President Abd al-Fattah al-Sisi pardoned 100 prisoners on Thursday, in light of the major Muslim holiday Eid al-Adha. Among the pardoned individuals were two Al Jazeera journalists, Mohamed Fahmy and Baher Mohamed.
Pardoning prisoners on Eid al-Adha is a tradition of sorts in Egyptian politics, and in a statement Sisi’s office said that the act was grounded in humanitarian and health reasons, and that it was “in line with the president’s initiative last December to release detained youth.”
Many of the prisoners were prominent left-wing activists arrested for protesting against the government, which quickly began to serve as a source of criticism against Sisi’s administration by the international community. Many were quick to note that Sisi’s pardon came one day before he was scheduled to travel to a United National General Assembly gathering in New York.
Fahmy and Mohamed, along with a third journalist colleague who was released in February, Peter Greste, were arrested in December 2013 at a hotel in Cairo after being charged with broadcasting false news. The Egyptian government also accused the journalists of belonging to the Muslim Brotherhood, although sound evidence was never presented to support these claims.
The United States
In his first visit to the United States, Pope Francis delivered an address to Congress on Thursday in which he challenged the nation’s elected officials to break out of partisan paralysis to heal the “open wounds” of the world.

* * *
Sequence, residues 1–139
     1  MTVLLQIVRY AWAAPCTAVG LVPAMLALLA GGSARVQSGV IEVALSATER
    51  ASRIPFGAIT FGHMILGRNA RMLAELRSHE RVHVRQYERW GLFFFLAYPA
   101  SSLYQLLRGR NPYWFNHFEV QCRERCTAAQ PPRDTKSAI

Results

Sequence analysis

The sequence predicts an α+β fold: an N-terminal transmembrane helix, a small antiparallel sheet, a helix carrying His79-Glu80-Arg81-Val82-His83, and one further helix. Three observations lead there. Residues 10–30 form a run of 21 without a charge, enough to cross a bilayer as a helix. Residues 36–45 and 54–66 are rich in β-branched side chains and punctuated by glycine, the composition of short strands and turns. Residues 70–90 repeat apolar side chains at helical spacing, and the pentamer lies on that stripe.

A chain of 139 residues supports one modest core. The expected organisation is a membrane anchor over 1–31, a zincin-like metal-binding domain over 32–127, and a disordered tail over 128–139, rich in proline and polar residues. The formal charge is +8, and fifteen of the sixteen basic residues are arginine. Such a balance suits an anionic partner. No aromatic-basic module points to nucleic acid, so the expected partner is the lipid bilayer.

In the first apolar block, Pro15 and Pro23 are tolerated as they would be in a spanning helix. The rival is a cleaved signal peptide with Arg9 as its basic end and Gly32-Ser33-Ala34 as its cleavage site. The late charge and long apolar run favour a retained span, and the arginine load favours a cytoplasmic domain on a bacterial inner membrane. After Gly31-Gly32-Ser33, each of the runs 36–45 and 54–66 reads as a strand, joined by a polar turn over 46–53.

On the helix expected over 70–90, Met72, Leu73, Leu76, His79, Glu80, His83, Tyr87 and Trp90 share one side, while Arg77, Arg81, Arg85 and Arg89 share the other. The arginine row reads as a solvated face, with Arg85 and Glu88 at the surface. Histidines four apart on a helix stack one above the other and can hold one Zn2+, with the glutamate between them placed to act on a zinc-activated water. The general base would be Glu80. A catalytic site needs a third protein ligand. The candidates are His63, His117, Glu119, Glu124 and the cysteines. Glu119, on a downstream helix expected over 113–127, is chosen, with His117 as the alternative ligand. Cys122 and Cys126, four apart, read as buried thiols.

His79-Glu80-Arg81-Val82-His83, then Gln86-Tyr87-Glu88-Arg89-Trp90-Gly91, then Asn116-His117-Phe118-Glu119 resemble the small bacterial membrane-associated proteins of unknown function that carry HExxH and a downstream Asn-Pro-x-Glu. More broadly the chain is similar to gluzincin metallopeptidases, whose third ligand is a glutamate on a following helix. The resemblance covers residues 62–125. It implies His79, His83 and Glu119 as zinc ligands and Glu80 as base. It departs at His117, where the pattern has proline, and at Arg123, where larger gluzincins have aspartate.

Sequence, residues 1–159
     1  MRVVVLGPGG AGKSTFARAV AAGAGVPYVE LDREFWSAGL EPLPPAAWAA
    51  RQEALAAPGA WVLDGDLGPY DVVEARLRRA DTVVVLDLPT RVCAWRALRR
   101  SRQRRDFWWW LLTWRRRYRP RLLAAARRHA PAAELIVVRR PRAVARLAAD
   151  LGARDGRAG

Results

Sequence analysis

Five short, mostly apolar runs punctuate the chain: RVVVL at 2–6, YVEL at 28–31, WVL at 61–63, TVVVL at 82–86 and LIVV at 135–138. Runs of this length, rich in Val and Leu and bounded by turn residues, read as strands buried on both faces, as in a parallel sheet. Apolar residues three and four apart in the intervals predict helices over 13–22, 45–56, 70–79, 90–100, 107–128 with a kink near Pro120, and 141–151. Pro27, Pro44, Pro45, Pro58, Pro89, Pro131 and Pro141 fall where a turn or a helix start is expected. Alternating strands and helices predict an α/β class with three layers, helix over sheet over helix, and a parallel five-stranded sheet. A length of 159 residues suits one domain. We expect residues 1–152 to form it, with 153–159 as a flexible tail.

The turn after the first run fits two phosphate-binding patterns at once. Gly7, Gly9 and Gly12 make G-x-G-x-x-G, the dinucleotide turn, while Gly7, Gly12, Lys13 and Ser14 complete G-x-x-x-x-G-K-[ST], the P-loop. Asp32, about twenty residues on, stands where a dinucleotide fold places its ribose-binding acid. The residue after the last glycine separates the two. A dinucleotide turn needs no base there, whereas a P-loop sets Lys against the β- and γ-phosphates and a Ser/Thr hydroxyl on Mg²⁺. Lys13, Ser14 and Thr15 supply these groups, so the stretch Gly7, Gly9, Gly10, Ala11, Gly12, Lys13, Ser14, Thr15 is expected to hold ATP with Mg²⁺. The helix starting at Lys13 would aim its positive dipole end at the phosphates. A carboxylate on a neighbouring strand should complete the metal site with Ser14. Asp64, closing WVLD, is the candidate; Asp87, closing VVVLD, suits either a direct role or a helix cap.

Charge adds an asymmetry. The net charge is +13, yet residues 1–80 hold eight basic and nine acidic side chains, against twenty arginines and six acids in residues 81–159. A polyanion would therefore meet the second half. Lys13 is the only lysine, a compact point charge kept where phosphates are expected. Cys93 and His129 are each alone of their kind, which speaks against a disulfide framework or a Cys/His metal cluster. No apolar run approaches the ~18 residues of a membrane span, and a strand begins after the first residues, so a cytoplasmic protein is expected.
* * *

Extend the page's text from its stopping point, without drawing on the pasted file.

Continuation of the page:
“Our efforts must aim at restoring hope, righting wrongs, maintaining commitments and thus promoting the well-being of individuals and of peoples,” said the bishop of Rome to a joint meeting of Congress. “We must move forward together, as one, in a renewed spirit of fraternity and solidarity, cooperating generously for the common good.”
Pope Francis, the spiritual leader of 1.2 billion Catholics, took up issues that his predecessors have long shied from, including immigration, the death penalty, the arms trade, environmental legislation, religious liberty and abortion. Many pundits noted how the Pope’s address catered to both liberals and conservatives, although his rhetoric concerning the former was much clearer.
However, the Pope’s influence on Congress was far from significant. The Senate was quickly back to a stalemate as the Democrats and Republicans quarreled over whether to defund Planned Parenthood or not.
Following his speech, Pope Francis visited a local church where he addressed the issue of homelessness. He mingled with a crowd of homeless people, among them felons, mentally ill individuals, victims of domestic violence and substance abusers. Pope Francis chose to spend his last few hours in the Capitol in a nontraditional way, to the surprise of many.
On Friday, President Enrique Pena Nieto announced the creation of a specially designated unit to investigate the case of the disappearance of 43 students last year.
President Nieto’s announcement came after meeting with the relatives of the missing students in light of the first anniversary on their disappearance.
Despite the president’s efforts, the families of the students voiced their wish for an international commission of experts to lead the investigation. They believe the government’s special unit is fundamentally flawed and have suggested that the Mexican army played a role in the disappearance of the students.
The students disappeared on September 26, 2014 in the city of Iguala in Guerrero state, where they had gone to gather for a commemoration.
The Mexican government has said that local police officers had apprehended the students and gave them to a local drug gang, which allegedly killed the students and burned their bodies.